SkoolKit 3.2 is upon us, and also happens to be available from the never-absent download page. And as there has been a minor version number bump (from 3.1.x), I feel duty-bound to explain what’s been going on in SkoolKit-land since 3.1 was released back in June. If you’re at all interested to hear, stick around and some will be revealed.
In the skool macro department, we have two new members on the team: #HTML and #LIST. The
#HTML macro renders arbitrary text in HTML mode only – and by ‘arbitrary’ I really mean ‘possibly including HTML markup’. So if you’ve ever been frustrated by how every comment in a skool file ends up being HTML-escaped before being rendered, you’ll enjoy using
#LIST macro, unsurprisingly, may be used to create lists:
<ul> elements in HTML mode, and plain-text bulleted lists in ASM mode. The syntax of the
#LIST macro is similar to that of the
#TABLE macro, which has been around since SkoolKit 1.0.
In the ASM directive department, the new kid on the block is the @set directive. Its purpose is to set properties on the ASM writer being used to produce ASM output. For now, the properties available for setting are
bullet (the bullet character to use for lists created by the
crlf (whether to use CR+LF to terminate lines), and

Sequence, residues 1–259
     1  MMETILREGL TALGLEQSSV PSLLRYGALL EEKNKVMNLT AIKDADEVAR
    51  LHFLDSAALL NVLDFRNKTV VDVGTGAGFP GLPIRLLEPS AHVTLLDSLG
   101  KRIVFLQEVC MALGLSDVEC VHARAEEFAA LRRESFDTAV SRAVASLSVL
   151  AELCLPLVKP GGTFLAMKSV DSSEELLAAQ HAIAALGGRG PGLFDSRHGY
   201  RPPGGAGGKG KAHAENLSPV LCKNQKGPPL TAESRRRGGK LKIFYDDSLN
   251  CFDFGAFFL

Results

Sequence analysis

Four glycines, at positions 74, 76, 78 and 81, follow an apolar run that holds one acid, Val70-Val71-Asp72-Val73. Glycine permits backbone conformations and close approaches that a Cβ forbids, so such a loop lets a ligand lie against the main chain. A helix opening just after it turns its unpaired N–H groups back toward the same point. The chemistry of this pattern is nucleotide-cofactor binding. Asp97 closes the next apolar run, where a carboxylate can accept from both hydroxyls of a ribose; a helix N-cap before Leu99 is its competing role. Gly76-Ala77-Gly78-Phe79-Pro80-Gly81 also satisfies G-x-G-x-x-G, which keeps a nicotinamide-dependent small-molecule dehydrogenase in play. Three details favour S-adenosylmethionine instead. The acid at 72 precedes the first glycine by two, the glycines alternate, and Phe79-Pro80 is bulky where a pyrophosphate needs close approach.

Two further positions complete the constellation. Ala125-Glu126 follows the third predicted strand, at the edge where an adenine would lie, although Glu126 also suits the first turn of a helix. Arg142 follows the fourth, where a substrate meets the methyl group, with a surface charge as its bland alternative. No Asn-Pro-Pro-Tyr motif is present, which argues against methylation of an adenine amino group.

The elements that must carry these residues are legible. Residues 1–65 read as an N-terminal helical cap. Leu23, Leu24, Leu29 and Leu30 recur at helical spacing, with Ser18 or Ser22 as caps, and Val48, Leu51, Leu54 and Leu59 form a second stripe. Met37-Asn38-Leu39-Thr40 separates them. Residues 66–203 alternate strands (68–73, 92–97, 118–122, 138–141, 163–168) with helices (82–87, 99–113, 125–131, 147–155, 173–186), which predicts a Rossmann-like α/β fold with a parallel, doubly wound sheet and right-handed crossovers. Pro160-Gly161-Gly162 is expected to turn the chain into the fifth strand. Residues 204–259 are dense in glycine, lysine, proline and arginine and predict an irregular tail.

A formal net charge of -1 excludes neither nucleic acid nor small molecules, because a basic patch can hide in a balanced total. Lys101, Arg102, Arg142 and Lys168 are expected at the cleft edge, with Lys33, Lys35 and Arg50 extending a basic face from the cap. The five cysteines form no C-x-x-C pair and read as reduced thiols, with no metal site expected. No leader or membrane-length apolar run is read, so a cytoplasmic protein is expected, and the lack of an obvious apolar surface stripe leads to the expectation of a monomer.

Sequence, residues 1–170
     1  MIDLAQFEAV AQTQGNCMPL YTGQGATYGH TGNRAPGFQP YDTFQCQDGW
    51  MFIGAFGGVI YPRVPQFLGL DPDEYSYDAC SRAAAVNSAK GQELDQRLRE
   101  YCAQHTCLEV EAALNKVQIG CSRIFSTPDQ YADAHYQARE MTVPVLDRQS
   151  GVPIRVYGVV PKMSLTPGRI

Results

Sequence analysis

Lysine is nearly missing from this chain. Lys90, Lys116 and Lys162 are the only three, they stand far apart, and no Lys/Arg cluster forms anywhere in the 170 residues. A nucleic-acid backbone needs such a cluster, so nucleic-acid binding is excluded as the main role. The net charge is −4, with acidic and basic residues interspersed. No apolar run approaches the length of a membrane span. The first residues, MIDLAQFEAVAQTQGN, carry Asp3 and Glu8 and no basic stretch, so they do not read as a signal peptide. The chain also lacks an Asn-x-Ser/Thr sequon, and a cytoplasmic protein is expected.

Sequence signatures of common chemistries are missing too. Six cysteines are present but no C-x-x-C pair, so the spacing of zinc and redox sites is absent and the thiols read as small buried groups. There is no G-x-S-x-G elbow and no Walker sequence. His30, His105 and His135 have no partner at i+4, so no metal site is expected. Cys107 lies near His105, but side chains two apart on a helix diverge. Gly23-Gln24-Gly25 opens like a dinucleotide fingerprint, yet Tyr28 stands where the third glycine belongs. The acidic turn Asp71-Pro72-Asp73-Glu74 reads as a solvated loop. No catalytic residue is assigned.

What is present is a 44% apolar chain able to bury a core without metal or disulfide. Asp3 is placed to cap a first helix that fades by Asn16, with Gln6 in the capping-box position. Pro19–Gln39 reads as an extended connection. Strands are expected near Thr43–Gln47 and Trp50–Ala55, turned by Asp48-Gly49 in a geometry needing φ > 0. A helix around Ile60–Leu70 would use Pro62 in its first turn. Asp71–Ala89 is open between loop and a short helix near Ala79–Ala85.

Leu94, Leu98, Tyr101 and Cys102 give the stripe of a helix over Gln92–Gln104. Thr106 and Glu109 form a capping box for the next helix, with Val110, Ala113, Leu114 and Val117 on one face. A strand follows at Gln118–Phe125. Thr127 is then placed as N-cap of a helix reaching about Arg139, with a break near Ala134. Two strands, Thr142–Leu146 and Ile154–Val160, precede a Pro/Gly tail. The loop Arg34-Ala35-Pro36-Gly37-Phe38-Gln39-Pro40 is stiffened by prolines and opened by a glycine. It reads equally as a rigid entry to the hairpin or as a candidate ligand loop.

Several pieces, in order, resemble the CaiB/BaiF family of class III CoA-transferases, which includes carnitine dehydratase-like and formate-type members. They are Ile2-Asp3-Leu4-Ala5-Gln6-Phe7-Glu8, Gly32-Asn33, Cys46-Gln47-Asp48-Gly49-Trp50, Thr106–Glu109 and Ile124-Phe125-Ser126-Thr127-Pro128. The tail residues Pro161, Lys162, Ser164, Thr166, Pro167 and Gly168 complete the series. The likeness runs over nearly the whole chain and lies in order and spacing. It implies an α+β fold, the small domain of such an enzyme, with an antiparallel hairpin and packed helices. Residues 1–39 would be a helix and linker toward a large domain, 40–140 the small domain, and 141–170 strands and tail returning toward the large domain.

tab (whether to use a tab character to indent instructions); expect more properties to become available in future releases.
In the general SkoolKit department, full support has been added for ‘complex’ DEFB and DEFM statements that contain both strings and bytes (e.g.
DEFB 1,"a"). This new feature has been put to use in manic_miner.ctl: run it against a snapshot of Manic Miner (Bug Byte edition) to see the source code remnants at 32768 and 37708 nicely documented, and the format used by Matthew Smith’s assembler revealed.
Finally, and specifically in the disassembling department, SkoolKit now supports SZX snapshots (16K, 48K and 128K) and 128K Z80 snapshots. Yes, the 48K limit on your SkoolKit disassembly aspirations has been lifted. By default,
sna2skool.py will disassemble whichever RAM page is currently mapped to 49152 ($C000), but you can change that with the ‘-p’ option to gain access to the other RAM pages. How to organise the disassemblies of those other RAM pages alongside the ‘main’ disassembly is left up to you, but if more automation in this area (such as disassembling every currently unmapped page to its own skool file in one go) would be useful, be sure to let me know.